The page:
In fact, despite a multitude of challenges–slowing global growth, the partial government shutdown, trade policy uncertainties, a strong U.S. dollar–the U.S. economy grew a solid 3.1 percent at the annual rate in the first quarter. This was off slightly from the previous estimate of 3.2 percent growth, and it remained the strongest first quarter of growth since 2015.
Moving forward, the U.S. economy is expected to expand by around 2.2 percent in the second quarter, slowing from the pace at the beginning of the year. The current estimate is for 2.5 percent growth for 2019.
Manufacturing surveys from the Dallas and Richmond Federal Reserve Banks continued to indicate expansions in their districts, even as sentiment dipped into negative territory in the Texas report. Hiring and capital spending were encouraging in both releases, and as with other regional Federal Reserve surveys, respondents remained positive in their outlook.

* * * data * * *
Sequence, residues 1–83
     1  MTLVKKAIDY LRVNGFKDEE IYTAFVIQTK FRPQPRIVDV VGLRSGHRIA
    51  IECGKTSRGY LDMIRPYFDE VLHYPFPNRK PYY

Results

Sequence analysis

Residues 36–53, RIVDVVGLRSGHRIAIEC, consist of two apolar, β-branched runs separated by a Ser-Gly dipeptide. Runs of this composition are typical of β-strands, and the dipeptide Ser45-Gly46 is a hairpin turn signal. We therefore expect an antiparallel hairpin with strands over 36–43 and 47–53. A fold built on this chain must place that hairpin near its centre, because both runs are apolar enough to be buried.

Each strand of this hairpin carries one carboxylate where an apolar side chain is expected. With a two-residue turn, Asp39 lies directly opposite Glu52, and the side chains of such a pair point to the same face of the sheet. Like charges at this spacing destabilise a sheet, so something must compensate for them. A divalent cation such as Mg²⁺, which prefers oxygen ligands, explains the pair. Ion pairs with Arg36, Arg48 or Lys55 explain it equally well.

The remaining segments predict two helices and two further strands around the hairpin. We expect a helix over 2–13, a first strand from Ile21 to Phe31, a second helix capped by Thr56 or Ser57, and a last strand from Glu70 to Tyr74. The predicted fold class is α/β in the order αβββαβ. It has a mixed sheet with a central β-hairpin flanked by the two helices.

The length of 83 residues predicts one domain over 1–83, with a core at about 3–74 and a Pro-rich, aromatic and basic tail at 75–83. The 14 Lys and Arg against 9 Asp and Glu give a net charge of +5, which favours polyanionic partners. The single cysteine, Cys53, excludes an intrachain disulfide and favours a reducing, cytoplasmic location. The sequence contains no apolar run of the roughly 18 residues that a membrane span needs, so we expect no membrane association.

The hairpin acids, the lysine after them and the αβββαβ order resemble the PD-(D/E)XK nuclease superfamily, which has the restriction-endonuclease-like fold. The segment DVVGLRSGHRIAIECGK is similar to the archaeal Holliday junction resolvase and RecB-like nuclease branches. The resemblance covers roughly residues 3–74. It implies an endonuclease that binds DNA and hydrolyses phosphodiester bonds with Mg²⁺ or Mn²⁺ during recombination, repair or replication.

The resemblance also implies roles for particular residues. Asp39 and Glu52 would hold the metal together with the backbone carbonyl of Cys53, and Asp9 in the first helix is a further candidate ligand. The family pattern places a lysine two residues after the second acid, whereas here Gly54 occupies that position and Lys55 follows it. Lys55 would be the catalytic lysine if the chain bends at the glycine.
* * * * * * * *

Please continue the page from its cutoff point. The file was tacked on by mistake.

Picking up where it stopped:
Meanwhile, the IHS Markit Flash U.S. Manufacturing PMI dropped from 52.6 in April to 50.6 in May, the weakest pace of growth since September 2009. Despite some slowing, manufacturers in the U.S. remained upbeat in their production outlook, even with some slippage in that measure. Input prices have also decelerated, with raw material costs expanding at the weakest pace since June 2017. The story was similar in the Kansas City Federal Reserve Bank’s district, which also reported a softer expansion in May for the second consecutive month.
Looking abroad, manufacturing activity in the Eurozone has now contracted for four straight months, led by weaknesses in Germany, which experienced sizable declines in orders, exports and output. In contrast, French manufacturers reported some stabilization in May.